Five ways to reduce your client’s assessable assets for the Age Pension means test
|For financial adviser use only|
Although both income and assets tests are material in determining Age Pension entitlements, it may be in your client’s interests to explore suitable strategies to bring their assessable assets below the relevant cut-off threshold. Here are five options for clients to consider for reducing their assessable assets to become eligible, or increase their Age Pension payment rate.
When working out your client’s Age Pension entitlement, they will need to be eligible under both income and assets tests. These tests will determine the rate of Age Pension each client receives, and it is usually the test resulting in the lowest rate that applies. The assets test looks at the type and value of assets owned in Australia and overseas. This generally includes real estate assets (except for the principal home which is exempt), business assets and financial assets such as savings or investments. Possessions, such as cars, boats and other vehicles, computers and jewellery are also assessed at their market value.
Many clients who are trying to access the Age Pension will qualify for a part pension under the assets test or have assessable assets that exceed the relevant assets test cut-off threshold. This being the case, it’s worth knowing how clients might go about reducing their assets without limiting future opportunities to generate income, or be left without savings to draw on for planned or unforeseen expenses.
GiftingGiving away assets to family members can be one way to reduce assessable assets. However, clients need to be aware of the impact of such a gift on their Centrelink payments. Centrelink and Department of Veterans Affairs (DVA) both define gifting as a person destroying or diminishing the value of an asset, income, or a source of income, and without receiving adequate financial consideration in return for the asset or income.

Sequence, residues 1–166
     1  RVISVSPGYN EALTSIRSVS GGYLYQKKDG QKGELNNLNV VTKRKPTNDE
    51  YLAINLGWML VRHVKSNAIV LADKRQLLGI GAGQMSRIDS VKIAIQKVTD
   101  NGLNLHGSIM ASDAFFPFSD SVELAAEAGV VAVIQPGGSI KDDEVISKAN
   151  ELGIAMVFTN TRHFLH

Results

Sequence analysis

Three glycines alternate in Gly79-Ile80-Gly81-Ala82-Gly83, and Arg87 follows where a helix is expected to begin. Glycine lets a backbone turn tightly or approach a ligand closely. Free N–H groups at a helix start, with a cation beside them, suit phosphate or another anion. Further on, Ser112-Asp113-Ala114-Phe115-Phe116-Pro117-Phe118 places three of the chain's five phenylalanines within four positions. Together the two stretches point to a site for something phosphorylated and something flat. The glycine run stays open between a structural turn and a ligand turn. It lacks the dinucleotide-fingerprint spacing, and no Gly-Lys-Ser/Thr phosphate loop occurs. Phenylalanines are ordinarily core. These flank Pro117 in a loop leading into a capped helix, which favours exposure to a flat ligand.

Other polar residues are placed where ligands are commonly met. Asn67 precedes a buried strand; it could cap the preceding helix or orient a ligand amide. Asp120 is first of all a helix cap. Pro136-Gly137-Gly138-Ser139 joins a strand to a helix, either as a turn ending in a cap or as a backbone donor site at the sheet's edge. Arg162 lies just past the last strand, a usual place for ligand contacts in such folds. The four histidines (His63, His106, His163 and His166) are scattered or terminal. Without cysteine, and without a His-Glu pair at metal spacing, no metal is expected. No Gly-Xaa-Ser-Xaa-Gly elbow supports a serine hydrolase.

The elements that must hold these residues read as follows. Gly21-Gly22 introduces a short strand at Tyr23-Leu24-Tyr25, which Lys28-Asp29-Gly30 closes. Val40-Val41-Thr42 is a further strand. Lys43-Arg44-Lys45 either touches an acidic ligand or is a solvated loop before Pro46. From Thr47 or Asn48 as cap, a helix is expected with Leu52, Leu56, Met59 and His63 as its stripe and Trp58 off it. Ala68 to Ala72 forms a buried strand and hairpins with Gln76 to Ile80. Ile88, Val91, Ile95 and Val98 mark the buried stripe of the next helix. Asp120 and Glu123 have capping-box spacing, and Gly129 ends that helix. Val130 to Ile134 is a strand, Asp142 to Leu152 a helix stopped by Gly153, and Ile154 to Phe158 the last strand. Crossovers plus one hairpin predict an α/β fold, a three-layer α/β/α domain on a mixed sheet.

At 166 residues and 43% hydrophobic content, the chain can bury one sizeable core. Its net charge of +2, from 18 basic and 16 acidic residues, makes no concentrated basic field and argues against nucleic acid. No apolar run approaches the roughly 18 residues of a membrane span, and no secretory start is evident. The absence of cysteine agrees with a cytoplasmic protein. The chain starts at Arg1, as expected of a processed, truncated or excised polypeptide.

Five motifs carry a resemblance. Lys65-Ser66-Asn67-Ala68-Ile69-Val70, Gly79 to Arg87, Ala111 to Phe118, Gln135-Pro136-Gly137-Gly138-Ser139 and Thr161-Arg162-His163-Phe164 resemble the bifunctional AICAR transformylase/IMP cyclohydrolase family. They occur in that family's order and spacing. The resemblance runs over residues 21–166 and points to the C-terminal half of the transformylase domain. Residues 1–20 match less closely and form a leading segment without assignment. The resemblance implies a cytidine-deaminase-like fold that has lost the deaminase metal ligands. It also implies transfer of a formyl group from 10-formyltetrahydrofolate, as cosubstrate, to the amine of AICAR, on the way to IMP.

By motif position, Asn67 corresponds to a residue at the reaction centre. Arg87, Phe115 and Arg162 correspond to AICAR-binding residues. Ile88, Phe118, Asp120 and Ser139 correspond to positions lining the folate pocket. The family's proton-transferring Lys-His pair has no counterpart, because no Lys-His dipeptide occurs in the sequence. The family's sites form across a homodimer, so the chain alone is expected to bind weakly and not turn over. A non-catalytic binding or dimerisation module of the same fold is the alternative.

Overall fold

When the gift is made from a client’s assets, there are two limits to be aware of:
- $10,000 annual limit – applies to assets gifted during a financial year, and
- $30,000 five-year limit – applies to assets gifted over the last five financial years including the current financial year.
An amount gifted above these thresholds is treated as a deprived asset. This means it will continue to be counted as an assessable asset and will be subject to deeming under the income test by Centrelink/DVA for five years from the date of the relevant gift. These limits apply to singles and a couple as a whole. However, spouses can gift to each other without triggering these deprivation provisions.
Clients should also be aware of the difference between a gift and a loan1. As with a gift, a loan is also treated as a financial asset subject to deeming. However, the loan is assessed until it is repaid whereas deprived assets will no longer be assessed after five years from the date of the gift. It is essential to inform Centrelink of the type of arrangement to ensure the intended assessment will apply.